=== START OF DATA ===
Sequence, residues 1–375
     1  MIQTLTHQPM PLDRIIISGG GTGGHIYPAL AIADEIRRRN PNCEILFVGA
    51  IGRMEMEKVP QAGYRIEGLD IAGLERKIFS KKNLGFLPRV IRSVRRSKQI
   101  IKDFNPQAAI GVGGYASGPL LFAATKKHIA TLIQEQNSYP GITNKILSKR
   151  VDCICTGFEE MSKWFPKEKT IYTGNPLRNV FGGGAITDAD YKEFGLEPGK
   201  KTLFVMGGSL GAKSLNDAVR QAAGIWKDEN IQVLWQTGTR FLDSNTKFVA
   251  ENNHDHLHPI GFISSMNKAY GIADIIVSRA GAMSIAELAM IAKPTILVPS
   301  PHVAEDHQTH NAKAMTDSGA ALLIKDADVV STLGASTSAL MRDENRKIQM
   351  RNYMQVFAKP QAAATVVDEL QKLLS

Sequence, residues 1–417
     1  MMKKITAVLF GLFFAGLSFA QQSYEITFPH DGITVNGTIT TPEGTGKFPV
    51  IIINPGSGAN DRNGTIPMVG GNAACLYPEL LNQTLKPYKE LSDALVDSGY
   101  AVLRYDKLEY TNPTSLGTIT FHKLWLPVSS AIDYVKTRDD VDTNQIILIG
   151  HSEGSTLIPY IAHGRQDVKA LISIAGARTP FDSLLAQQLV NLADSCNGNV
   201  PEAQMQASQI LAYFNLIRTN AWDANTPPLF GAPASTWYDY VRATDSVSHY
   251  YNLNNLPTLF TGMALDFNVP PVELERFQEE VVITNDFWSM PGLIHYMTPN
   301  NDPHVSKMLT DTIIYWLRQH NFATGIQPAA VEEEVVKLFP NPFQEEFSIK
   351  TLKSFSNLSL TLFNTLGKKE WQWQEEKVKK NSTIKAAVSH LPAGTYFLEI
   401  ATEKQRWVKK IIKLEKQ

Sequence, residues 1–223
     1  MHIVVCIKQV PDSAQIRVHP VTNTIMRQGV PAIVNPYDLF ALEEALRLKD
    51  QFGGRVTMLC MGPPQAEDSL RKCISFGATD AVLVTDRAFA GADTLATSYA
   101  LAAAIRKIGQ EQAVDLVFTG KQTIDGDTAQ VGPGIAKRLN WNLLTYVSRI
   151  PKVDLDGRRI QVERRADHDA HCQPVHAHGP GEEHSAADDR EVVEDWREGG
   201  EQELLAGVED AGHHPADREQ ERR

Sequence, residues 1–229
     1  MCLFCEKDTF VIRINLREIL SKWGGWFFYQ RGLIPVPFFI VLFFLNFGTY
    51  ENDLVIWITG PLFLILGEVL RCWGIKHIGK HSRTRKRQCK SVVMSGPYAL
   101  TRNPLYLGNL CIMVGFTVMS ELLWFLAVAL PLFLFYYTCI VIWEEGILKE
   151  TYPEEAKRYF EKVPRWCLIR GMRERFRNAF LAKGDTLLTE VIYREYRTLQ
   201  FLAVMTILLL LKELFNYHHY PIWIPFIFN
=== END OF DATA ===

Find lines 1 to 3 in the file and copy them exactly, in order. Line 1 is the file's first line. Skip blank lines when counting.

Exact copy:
Sequence, residues 1–375
     1  MIQTLTHQPM PLDRIIISGG GTGGHIYPAL AIADEIRRRN PNCEILFVGA
    51  IGRMEMEKVP QAGYRIEGLD IAGLERKIFS KKNLGFLPRV IRSVRRSKQI